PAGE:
Thursday, May 25, 2006

Burning My Cookies

When I approached a downtown street corner Tuesday I was asked by a clipboard-toting young woman if I’d like to support the establishment of scholarships for children in Ohio from kindergarten to some grade I can’t recall. I remembered reading about the casino gambling lobby’s ploy of slot machines supporting education and asked, “Is this about the casino gambling initiative?”

The young woman’s smile disappeared when she confirmed my suspicion. I declined and walked away. When I turned back to take an informal sampling of her efforts, I saw that she managed to get three of the next four people who passed to sign after she made her one-line pitch. I didn’t see anyone ask her about the petition.

About an hour later, when I returned to the same corner, she was still getting people to sign. I approached a women who signed and asked if she knew she’d just signed on to support putting the casino gambling initiative on the November ballot.

“No,” the woman said. “She said it was about education.”

Talk about a spin job! Those who support casino gambling complain opponents aren’t looking at the big picture and yet those supporting it are doing exactly the same thing by touting it as a means to support children, education in particular. While I haven’t seen any study that links gambling to better schools and more highly educated students, there are numerous studies that link gambling with an increase in crime (Casino Gambling Causes Crime).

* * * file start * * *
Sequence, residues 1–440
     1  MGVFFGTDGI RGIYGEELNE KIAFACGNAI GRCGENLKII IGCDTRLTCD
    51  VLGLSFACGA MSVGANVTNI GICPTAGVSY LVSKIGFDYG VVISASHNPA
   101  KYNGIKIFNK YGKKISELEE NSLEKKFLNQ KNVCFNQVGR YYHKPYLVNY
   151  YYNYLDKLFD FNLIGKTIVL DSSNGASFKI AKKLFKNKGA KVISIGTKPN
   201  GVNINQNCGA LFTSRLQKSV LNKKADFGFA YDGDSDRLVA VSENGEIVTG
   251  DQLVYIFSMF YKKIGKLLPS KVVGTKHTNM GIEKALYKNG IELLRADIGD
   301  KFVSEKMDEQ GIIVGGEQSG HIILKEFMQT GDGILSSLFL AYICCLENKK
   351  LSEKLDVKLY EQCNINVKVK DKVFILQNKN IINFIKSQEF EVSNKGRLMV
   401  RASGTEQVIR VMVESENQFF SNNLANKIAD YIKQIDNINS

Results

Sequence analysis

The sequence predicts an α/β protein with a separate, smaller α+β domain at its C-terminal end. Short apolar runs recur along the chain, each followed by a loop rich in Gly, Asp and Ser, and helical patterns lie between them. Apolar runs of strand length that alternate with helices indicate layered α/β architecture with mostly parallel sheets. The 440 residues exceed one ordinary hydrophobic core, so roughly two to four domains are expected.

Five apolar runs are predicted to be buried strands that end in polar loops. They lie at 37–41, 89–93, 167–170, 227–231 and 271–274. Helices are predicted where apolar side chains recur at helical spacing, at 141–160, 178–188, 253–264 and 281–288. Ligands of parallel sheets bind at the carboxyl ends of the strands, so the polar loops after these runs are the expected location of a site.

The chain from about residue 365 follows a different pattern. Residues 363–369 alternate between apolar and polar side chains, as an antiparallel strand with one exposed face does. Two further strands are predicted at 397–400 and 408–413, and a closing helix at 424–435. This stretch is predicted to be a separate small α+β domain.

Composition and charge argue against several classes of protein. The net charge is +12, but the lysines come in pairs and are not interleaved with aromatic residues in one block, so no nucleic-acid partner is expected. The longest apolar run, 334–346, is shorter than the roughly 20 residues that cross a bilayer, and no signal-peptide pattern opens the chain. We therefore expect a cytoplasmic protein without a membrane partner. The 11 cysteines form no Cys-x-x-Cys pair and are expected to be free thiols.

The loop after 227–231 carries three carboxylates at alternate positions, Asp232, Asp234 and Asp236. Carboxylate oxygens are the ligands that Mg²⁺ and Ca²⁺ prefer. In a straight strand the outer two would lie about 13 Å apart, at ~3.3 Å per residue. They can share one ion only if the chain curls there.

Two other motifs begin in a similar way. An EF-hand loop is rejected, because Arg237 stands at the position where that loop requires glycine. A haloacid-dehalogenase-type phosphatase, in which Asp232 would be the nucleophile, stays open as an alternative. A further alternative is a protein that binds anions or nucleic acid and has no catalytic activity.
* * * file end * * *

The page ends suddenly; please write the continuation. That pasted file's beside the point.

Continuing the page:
People who claim to support community development for the sake of children — including better education, inclusion and economic development — are jumping on the casino bandwagon because of the cash we supposedly lose. What I’d like to know is how people, who all love children, can support lower crime rates and stronger schools and then endorse a scheme that’s been proven to increase crime and isn’t proven to have any effect on education?

The method of duping people in to signing the ballot imitative really burns my cookies. Truth in advertising is required of businesses; I think it’s about time people with ballot petitions ought to be required to follow the same rules. Partial truths and half-information isn’t the way to bring about the kind of change and positive community development this state, or our city, need.

— Margo Pierce


  • Excuse me, but wasn't 'the lottery' supposed to help education?

    By Anonymous Natasha, at 9:17 PM  

  • Margo, other petitioners hired for this effort are using the same approach, as originally reported by the Cincinnati Beacon and as I witnessed yesterday. I agree that there should be a penalty for such significant misrepresentation of an issue, and it sets off my smoke alarm too. When I asked the petitioner how it would be funded, he said the measure was for slot machines at race tracks and had "nothing to do with the downtown issue" (referring to the Broadway Commons proposal).

    By Blogger Josh Krekeler, at 4:33 AM  

  • When I encountered a petitioner at Taste of Cinci, she seemed to be reciting a revised schpiel, closer to the truth.

    By Anonymous david gallaher, at 8:16 PM  

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